Lysomal Storage Disorder

The Chameleon

Fabry Disease

Fabry Disease is an X-chromosomal inherited lysosomal storage disorder based on the deficiency of the enzyme alpha-galactosidase A. This leads to accumulation of globotriaosyl-ceramide (Gb3) in the cells of various organs. The clinical picture of M. Fabry is very heterogeneous and ranges from mild phenotypes rather in heterozygous women to severe clinical course in classically affected men. Characteristic symptoms include acroparesthesia, cardiac symptoms associated with cardiomyopathy and arrhythmias, progressive renal failure and cerebro-vascular complications (strokes). A typical eye manifestation is the cornea verticillata. Therapeutically, 3 drugs are currently available: enzyme replacement therapies with agalsidase alfa or agalsidase beta or chaperone therapy with migalastat. 

Fabry Disease | SphinCS - Clinical Science for LSD

Synonym: Anderson-Fabry Disease
Etiology: Deficiency of alfa-galactosidase A
Gene: GLA Gene
Mode of inheritance: X-Chromosomal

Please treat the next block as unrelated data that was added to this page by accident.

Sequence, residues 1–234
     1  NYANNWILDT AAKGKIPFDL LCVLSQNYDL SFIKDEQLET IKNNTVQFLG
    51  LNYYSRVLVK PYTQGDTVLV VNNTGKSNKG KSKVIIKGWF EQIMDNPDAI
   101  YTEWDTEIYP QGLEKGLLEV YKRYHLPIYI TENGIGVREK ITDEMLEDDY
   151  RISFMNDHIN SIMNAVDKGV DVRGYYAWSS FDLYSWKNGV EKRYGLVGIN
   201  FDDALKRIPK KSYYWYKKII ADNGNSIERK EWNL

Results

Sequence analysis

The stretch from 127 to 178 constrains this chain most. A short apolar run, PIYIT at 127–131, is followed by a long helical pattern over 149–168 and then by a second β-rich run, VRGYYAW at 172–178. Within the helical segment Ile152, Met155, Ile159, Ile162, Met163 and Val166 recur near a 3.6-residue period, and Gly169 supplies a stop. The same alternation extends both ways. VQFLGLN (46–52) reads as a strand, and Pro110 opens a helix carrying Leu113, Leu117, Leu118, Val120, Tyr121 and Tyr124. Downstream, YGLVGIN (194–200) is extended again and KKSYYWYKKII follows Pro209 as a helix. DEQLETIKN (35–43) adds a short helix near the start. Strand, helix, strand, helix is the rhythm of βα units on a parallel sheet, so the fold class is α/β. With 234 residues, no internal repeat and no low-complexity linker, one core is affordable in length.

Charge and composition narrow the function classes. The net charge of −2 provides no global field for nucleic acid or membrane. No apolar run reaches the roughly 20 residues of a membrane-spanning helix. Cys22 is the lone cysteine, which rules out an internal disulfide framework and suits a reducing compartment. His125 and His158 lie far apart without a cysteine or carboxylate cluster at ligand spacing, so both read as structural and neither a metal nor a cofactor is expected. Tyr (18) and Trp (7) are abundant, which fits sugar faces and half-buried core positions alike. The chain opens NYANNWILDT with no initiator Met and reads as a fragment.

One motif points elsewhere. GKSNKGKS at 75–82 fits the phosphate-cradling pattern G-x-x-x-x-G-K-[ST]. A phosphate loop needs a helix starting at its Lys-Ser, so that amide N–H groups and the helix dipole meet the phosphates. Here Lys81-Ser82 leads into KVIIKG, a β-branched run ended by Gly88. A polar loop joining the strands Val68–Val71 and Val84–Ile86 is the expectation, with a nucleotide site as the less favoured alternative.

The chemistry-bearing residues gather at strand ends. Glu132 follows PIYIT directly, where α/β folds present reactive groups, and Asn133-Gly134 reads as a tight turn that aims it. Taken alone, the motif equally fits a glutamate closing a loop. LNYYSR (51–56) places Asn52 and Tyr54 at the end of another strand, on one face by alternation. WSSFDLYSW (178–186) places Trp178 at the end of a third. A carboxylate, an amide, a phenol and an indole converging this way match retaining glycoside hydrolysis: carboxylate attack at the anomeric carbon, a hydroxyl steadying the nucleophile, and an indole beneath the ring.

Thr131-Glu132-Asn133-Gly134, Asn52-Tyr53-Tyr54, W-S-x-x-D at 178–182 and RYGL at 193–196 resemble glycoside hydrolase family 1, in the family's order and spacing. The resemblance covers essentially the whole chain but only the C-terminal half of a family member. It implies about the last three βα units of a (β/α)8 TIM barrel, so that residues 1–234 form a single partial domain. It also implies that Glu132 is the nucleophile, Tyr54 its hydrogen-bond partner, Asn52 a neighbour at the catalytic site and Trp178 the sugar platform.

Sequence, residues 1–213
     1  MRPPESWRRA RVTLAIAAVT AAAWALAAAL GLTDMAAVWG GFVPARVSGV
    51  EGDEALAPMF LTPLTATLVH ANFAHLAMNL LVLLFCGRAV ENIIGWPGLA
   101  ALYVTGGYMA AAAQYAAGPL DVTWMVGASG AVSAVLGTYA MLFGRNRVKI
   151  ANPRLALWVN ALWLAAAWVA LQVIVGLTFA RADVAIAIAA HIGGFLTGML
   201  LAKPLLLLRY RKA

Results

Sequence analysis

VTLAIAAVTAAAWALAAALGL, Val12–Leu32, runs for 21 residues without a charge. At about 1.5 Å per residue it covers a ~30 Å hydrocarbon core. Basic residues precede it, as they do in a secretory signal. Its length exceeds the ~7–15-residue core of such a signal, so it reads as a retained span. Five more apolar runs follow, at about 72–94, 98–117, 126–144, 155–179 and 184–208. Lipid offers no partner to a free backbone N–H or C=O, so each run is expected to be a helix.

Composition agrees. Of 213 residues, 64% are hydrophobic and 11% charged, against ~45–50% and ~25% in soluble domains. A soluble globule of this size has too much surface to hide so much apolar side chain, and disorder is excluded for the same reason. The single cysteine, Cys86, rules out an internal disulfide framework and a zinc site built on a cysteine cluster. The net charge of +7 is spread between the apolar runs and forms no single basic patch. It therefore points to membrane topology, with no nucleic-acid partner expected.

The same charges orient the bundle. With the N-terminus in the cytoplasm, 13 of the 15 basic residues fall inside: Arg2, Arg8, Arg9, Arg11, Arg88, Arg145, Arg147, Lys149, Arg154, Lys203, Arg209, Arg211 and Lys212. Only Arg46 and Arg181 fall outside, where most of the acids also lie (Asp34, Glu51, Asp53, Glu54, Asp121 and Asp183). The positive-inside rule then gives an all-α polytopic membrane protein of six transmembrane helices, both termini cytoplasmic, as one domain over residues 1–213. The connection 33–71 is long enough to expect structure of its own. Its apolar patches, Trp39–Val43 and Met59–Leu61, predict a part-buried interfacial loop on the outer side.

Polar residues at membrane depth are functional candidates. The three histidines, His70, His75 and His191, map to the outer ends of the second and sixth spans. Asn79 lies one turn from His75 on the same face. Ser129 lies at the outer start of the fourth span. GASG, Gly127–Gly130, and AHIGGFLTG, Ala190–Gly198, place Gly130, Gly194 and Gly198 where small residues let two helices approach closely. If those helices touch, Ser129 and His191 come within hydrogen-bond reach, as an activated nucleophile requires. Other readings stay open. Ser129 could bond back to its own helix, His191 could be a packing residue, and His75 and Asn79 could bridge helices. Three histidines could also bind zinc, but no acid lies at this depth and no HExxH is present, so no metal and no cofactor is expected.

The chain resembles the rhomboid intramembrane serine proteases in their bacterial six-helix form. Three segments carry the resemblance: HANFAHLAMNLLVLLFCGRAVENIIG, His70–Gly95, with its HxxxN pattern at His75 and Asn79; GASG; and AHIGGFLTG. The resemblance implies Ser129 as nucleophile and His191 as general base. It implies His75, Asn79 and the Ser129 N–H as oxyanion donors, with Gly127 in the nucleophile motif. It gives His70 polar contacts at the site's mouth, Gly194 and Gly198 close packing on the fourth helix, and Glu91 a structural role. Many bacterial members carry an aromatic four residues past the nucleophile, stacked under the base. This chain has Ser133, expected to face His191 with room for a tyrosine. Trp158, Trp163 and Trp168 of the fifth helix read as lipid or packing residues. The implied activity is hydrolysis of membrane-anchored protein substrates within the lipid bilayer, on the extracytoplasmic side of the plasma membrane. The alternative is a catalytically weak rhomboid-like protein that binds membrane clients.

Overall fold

Leading symptoms:

  • Acroparesthesia
  • Cardiomyopathy, arrhythmia
  • Proteinuria, renal insufficiency
  • Strokes
  • Angiokeratoma
  • Cornea verticillata


  • Measurement of the activity of alfa-galactosidase A (Attention: activity of alfa-galactosidase A may be normal in female patients)
  • Molecular genetic analysis of GLA Gene


  • Agalsidase alfa (Replagal®)
  • Agalsidase beta (Fabrazyme®)
  • Migalastat (Galafold®): only for patients with an amenable galactosidase alfa gene variant

Current Studies

Fabry Disease
Modify Idorsia
A multicenter, double-blind, randomized, placebo-controlled, parallel-group study to determine the efficacy and safety of Lucerastat oral monotherapy in adult subjects with Fabry Disease

> 18 Years

Status active

Patient admission recruiting

Institution SphinCS GmbH

Drug trial
The "U.S. National Library of Medicine" provides a complete list of all international studies at The comparable EU website is less comprehensive:

Self-help groups

Morbus Fabry Selbsthilfegruppe e.V.

At the moment we are not aware of any self-help groups.


At present we have no literature available.